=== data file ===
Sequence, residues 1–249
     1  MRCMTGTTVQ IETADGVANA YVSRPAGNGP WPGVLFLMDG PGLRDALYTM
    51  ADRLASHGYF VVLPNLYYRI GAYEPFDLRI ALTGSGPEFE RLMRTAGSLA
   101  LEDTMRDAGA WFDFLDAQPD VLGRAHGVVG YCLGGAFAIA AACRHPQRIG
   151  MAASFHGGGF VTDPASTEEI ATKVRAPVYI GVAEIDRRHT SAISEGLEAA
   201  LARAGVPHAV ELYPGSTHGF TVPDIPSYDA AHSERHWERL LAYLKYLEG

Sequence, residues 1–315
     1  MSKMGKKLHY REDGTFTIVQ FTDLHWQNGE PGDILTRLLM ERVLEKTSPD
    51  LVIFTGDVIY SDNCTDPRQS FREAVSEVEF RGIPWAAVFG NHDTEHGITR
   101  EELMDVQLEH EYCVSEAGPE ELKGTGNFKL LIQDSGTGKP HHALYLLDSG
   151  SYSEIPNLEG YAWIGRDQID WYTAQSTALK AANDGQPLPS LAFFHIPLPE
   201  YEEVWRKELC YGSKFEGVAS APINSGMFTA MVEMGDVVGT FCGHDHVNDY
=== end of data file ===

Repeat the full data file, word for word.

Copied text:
Sequence, residues 1–249
     1  MRCMTGTTVQ IETADGVANA YVSRPAGNGP WPGVLFLMDG PGLRDALYTM
    51  ADRLASHGYF VVLPNLYYRI GAYEPFDLRI ALTGSGPEFE RLMRTAGSLA
   101  LEDTMRDAGA WFDFLDAQPD VLGRAHGVVG YCLGGAFAIA AACRHPQRIG
   151  MAASFHGGGF VTDPASTEEI ATKVRAPVYI GVAEIDRRHT SAISEGLEAA
   201  LARAGVPHAV ELYPGSTHGF TVPDIPSYDA AHSERHWERL LAYLKYLEG

Sequence, residues 1–315
     1  MSKMGKKLHY REDGTFTIVQ FTDLHWQNGE PGDILTRLLM ERVLEKTSPD
    51  LVIFTGDVIY SDNCTDPRQS FREAVSEVEF RGIPWAAVFG NHDTEHGITR
   101  EELMDVQLEH EYCVSEAGPE ELKGTGNFKL LIQDSGTGKP HHALYLLDSG
   151  SYSEIPNLEG YAWIGRDQID WYTAQSTALK AANDGQPLPS LAFFHIPLPE
   201  YEEVWRKELC YGSKFEGVAS APINSGMFTA MVEMGDVVGT FCGHDHVNDY